Think of a crowd of people with umbrellas in the sun. If they’re all evenly distributed, very little sunlight will hit the ground…but if they’re clumped together, there’ll be more areas where the sunlight can pass through.


Sunscreen chemicals work in a similar way.

By mixing something like cocoa powder into a sunscreen, you can create areas of high sunscreen chemicals and low sunscreen chemicals – creating uneven coverage. Manufacturers use mixers with high shear and force to make sure everything is distributed properly.

If you’re getting a white cast, I think the best way to fix it is to apply your sunscreen…allow it to dry (15 minutes), and then apply a foundation or tinted powder on top!

Bioderma (and many other sunscreen brands) also makes tinted versions of their sunscreen, so you don’t have to worry about the white cast or uneven mixing!

I personally also use their mineral sunscreen compact, it comes in two shades (Claire/Fair and Doree/Golden). I’ll sometimes use the Fair all over, and Golden as bronzer/contour. Shiseido also offers a UV Protective Compact in 9 shades, that you can layer on top of your sunscreen. Hopefully you can find a shade that works for you, if not, a foundation powder with SPF like BareMinerals Ready SPF 20 Foundation will work as well.

I’ve shared an experiment before about titanium dioxide and pigments destabilizing avobenzone, however this is more important for manufacturers as the degradation takes course over a long period of time (1 week in the experiment) and requires constant UV exposure.

P.S. I wouldn’t recommend using a compact as your only sun protection, you still need the recommended 2mg/cm2, and it’s more difficult to gauge how much you’re applying when it’s coming off of a pan!

Hope that helps 🙂


Hello! I just found your blog and I really love it! And I already have a question. :)

… Basically I have a question about the last question you got. The person who asked mentioned that we’re required to use 1/2 teaspoon of sunscreen for the face alone and now I’m a little confused because I’ve thought that we “only” need 1/4 of a teaspoon? Or about 1.25 ml? Is that wrong? I’m sorry for asking, I’m just always worried about not using enough product to get the proper protection.

Great question, thanks for asking @naevery 🙂

It’s not right, and it’s not wrong…it depends!
Let me explain 🙂

The density of sunscreen used in SPF testing is always 2 mg/cm2

That means for every square centimeter or skin, 2 mg of sunscreen is applied.

This is easier to do when testing, because it’s done on the back where you can draw a 30 cm2 square and apply 60 mg to it.

Figuring out the area of the face is trickier.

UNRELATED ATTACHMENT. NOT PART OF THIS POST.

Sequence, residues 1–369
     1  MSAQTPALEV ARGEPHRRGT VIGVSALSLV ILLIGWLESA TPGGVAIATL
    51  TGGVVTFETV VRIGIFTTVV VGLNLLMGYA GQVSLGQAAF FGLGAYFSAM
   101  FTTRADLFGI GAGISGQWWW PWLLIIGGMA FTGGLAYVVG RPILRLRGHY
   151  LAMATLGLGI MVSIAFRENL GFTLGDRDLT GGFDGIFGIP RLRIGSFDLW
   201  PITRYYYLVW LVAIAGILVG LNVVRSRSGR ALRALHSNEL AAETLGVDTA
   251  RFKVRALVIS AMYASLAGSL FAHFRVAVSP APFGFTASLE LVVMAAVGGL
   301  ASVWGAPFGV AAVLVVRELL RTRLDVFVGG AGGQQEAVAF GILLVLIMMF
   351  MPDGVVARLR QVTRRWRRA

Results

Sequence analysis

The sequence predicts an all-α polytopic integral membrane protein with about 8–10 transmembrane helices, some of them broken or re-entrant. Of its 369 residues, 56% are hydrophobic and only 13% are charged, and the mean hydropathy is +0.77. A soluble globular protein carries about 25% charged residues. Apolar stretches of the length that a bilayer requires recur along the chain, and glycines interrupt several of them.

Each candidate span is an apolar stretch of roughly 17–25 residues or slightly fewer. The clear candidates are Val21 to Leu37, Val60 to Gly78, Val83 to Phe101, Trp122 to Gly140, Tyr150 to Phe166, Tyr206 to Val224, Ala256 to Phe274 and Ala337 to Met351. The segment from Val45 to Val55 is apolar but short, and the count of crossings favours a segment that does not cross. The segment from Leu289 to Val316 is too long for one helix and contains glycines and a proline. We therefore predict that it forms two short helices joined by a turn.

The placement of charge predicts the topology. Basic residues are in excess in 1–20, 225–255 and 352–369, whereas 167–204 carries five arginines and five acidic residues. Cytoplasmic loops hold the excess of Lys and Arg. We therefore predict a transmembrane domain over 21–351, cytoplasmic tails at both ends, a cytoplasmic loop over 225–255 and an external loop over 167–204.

The ¼ teaspoon or ½ teaspoon or 1.25 ml are based on two estimates.

The first estimate is the average area of a human face, and the second estimate is the average density of a sunscreen. Remember that ml is a measurement of volume, it provides no information about weight.

Water at 4°C has density of close to 1. 1 ml of water will weigh about 1 mg. However, oil for example has a lower density, 1 ml of oil won’t weigh 1 mg, it might weigh 0.8 mg (depending on the type of oil).

That makes things more complicated, because you can’t assume that 60 ml of sunscreen will weigh 60 mg, it might weigh 65 mg or 55 mg.

So the ¼ teaspoon, or ½ teaspoon are just estimates for an estimated human face, and an estimated sunscreen density.

These researchers for example used a beer bottle cap to measure out sunscreen.

So in order to know how much sunscreen, exactly, to apply you’ll need two measurements. The density of your sunscreen, which you can take by measuring out, say, 10 ml of sunscreen then weighing it. You’ll probably want a jewelry scale that has 0.001 g accuracy, and to measure a few times and average your measurements!

Finding out the area of your face is more difficult.

There are studies where people are told to apply sunscreen, and how much they’ve applied is weighed. It usually ranges between 0.5-1.5 mg/cm2, when they’re unprompted about applying 2mg/cm2. Their recommendation is to have people apply their sunscreen twice, instead of worrying about ¼, ½ teaspoon.

It’s up to you to how you decide to apply your sunscreen. Whether it be weighing it, measuring out the volume, or applying it twice, it’s better to err on the side on more for sun protection!

For Reference: ml = milliliter, mg = milligram, cm = centimeter, g = gram, and 1 mg = 0.001 g

Hope that helps!

Hi Stephen, I had a question for you about the UV protection in products like tinted moisturizers

…foundations, BB and CC creams. I see that they’re rated as highly as the straight sunscreens/sun creams. Theoretically, if we used the required 2mg/cm2 (1/2 tsp) of these products for the face, will they give the same level of protection as the straight sunscreens/creams? I’m asking because I’m wondering if I could be relying on a watery serum foundation for the entirety of my sun protection.

Yup! Anything that has an SPF is tested the same way.

While the US FDA, Colipa/ISO methods have a couple differences, it is always at the density of 2mg/cm2.

As long as it has an SPF rating, and you’re applying it at that density, you can be assured you’re getting that SPF – whether it’s called a serum, moisturizer, sunscreen, face pack, you name it!

Note of Interest: Only people with Skin Types I, II, or III are eligible to participate in the US FDA’s sunscreen testing protocol.

(I) Always burns easily; never tans (sensitive).

(II) Always burns easily; tans minimally (sensitive).

(III) Burns moderately; tans gradually (light brown) (normal).

Thanks for the question 🙂